Take the high road to middle ground
A long, long, time ago, I wrote an article on calculating the median in a table. (I've removed the link, since aspfaq.com has been taken over by malware slimeballs.)
Of course, this was against SQL Server 2000; long before we had seen but glimpes of upcoming features in "Yukon" like Common Table Expressions (CTEs) and ROW_NUMBER().
Well, now SQL Server 2005 has been with us for a while, and I am going back to see how many of my "solutions" could be improved upon.
Last night, I went to a talk by Itzik Ben-Gan at the monthly meeting for the New England SQL User Group, and he reminded me how powerful ROW_NUMBER() could be in a situation like calculating the median. So, we have a good candidate here, right?
Let's take this trivial table:
USE tempdb; GO CREATE TABLE dbo.MedianTest ( ClientID INT, Requests INT ); GO CREATE CLUSTERED INDEX c ON dbo.MedianTest(ClientID, Requests); GO SET NOCOUNT ON; GO INSERT dbo.MedianTest (ClientID, Requests) SELECT 1, 50 UNION ALL SELECT 1, 40 UNION ALL SELECT 1, 24 UNION ALL SELECT 2, 25 UNION ALL SELECT 2, 75 UNION ALL SELECT 3, 10 UNION ALL SELECT 3, 2 UNION ALL SELECT 3, 7 UNION ALL SELECT 3, 12 UNION ALL SELECT 4, 22 UNION ALL SELECT 4, 26 UNION ALL SELECT 4, 31;
Now, by following the example in the article above, I would get the median for each ClientID as follows:
SELECT DISTINCT ClientID, Median = ( ( SELECT MAX(Requests) FROM ( SELECT TOP 50 PERCENT Requests FROM dbo.MedianTest tA WHERE tA.ClientID = T.ClientID ORDER BY Requests ) AS TopHalf ) + ( SELECT MIN(Requests) FROM ( SELECT TOP 50 PERCENT Requests FROM dbo.MedianTest tB WHERE tB.ClientID = T.ClientID ORDER BY Requests DESC ) AS BottomHalf ) ) / 2.0 FROM dbo.MedianTest T ORDER BY ClientID;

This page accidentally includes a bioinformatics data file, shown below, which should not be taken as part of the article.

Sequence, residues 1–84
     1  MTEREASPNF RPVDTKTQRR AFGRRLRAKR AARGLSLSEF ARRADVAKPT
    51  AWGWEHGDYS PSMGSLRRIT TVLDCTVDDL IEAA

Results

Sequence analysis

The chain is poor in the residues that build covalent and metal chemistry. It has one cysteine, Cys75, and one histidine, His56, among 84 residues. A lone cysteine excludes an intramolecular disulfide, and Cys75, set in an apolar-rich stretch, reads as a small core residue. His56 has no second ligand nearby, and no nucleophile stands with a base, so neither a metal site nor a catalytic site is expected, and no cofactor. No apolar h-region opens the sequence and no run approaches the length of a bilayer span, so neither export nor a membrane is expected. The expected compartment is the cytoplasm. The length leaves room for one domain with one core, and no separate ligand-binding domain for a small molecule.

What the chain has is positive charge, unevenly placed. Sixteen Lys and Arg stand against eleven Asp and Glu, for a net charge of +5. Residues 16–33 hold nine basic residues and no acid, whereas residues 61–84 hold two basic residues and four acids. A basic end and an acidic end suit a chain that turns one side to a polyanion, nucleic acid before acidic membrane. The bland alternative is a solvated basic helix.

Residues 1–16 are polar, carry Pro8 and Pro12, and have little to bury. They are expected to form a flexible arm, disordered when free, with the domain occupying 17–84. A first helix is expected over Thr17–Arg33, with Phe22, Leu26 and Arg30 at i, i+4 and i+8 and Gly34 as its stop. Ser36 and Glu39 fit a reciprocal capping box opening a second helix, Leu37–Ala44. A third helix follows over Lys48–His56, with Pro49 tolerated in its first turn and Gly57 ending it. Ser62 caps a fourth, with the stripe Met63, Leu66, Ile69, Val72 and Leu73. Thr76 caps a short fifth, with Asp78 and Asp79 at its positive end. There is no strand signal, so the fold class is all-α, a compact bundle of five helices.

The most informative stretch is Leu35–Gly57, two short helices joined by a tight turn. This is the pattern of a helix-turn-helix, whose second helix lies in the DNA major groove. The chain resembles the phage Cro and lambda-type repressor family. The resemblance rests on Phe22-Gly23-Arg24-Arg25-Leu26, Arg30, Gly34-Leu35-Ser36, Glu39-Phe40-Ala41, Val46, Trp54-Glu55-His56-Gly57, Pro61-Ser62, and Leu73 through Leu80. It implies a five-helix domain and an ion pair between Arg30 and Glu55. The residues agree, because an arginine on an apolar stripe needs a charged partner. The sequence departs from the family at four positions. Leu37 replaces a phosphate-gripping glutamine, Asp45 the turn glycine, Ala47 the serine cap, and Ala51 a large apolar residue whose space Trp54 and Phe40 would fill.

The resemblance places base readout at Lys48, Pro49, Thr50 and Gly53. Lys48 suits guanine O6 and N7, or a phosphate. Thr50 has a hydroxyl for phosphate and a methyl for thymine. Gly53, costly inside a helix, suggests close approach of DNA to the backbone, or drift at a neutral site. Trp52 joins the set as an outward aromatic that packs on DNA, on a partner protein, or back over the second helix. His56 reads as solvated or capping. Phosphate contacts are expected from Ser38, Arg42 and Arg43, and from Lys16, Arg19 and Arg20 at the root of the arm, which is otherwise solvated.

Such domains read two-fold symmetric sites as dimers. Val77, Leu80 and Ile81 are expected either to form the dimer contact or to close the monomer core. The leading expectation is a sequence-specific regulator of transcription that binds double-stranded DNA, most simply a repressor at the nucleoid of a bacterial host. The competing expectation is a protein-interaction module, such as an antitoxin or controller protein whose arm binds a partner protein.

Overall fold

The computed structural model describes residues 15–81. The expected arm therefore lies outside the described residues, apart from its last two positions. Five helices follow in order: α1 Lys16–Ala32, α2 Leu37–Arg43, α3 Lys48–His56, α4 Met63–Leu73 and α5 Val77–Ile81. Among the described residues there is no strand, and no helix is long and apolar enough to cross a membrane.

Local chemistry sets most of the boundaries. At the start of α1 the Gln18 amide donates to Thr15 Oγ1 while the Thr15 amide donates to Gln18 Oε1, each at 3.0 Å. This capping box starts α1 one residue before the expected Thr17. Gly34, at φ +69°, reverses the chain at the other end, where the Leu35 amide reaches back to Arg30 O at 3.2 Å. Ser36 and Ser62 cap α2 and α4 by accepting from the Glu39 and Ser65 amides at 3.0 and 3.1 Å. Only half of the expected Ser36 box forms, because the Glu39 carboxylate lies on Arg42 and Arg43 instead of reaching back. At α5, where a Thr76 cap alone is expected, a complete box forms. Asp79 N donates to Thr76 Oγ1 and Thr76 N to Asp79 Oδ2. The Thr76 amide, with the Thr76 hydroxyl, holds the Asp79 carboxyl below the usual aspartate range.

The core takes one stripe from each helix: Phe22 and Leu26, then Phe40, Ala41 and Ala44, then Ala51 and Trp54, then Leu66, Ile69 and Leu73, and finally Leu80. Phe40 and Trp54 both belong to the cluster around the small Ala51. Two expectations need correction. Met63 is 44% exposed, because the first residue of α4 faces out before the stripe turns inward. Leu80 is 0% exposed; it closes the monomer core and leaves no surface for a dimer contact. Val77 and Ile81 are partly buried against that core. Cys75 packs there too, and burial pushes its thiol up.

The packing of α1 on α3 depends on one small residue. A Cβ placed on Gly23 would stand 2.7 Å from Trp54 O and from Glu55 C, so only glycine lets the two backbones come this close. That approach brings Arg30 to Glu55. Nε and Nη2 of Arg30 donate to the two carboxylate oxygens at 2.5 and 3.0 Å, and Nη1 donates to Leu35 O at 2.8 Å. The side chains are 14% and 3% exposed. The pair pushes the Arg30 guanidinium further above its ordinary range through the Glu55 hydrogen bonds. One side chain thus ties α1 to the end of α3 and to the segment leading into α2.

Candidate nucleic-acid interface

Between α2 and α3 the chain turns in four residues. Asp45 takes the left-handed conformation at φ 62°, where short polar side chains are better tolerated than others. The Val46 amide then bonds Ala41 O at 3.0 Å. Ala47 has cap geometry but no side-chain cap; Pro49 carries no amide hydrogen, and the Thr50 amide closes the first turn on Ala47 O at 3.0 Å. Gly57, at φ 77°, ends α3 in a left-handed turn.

To do this in SQL Server 2005, we can get a huge increase in performance by using a CTE and ROW_NUMBER():
;WITH cte AS ( SELECT ClientID, Requests, rn = ROW_NUMBER() OVER ( PARTITION BY ClientID ORDER BY Requests ), rc = COUNT(*) OVER ( PARTITION BY ClientID ) FROM dbo.MedianTest ) SELECT ClientID, Median = AVG(Requests) FROM cte WHERE rn IN ((rc + 1) / 2, (rc + 2) / 2) GROUP BY ClientID ORDER BY ClientID;
With such a small table, you're not going to see a noticeable difference. But imagine a table much, much larger. You may be astonished if you run these together and turn on the actual execution plan. The "old" solution uses three independent sort operations, and on my hardware the cost ratio for the overall queries is 98(old):2(new).
Don't forget to clean up:
DROP TABLE dbo.MedianTest;
Given the data set below, Celko's method is not working properly.
SELECT 1, 50
UNION ALL SELECT 1, 50 –Dup
UNION ALL SELECT 1, 40
UNION ALL SELECT 1, 24
UNION ALL SELECT 4, 22
UNION ALL SELECT 4, 22 –Dup
UNION ALL SELECT 4, 26
UNION ALL SELECT 4, 31;
Adam Machanic posted me offline, suggesting that I investigate what he called "Celko's method." He said that it gave better performance against the Sales.SalesOrderHeader table in AdventureWorks. I don't happen to have the sample database installed here, so I can't test right now, and will have to take his word for it that Celko's method had a fraction of the logical reads compared to the above. Here is the approach adapted to my sample here:
SELECT ClientID, Median = AVG(Requests) FROM ( SELECT ClientID, Requests, RowAsc = ROW_NUMBER() OVER ( PARTITION BY ClientID ORDER BY Requests ), RowDesc = ROW_NUMBER() OVER ( PARTITION BY ClientID ORDER BY Requests DESC ) FROM dbo.MedianTest ) x WHERE RowAsc IN ( RowDesc, RowDesc – 1, RowDesc + 1 ) GROUP BY ClientID ORDER BY ClientID;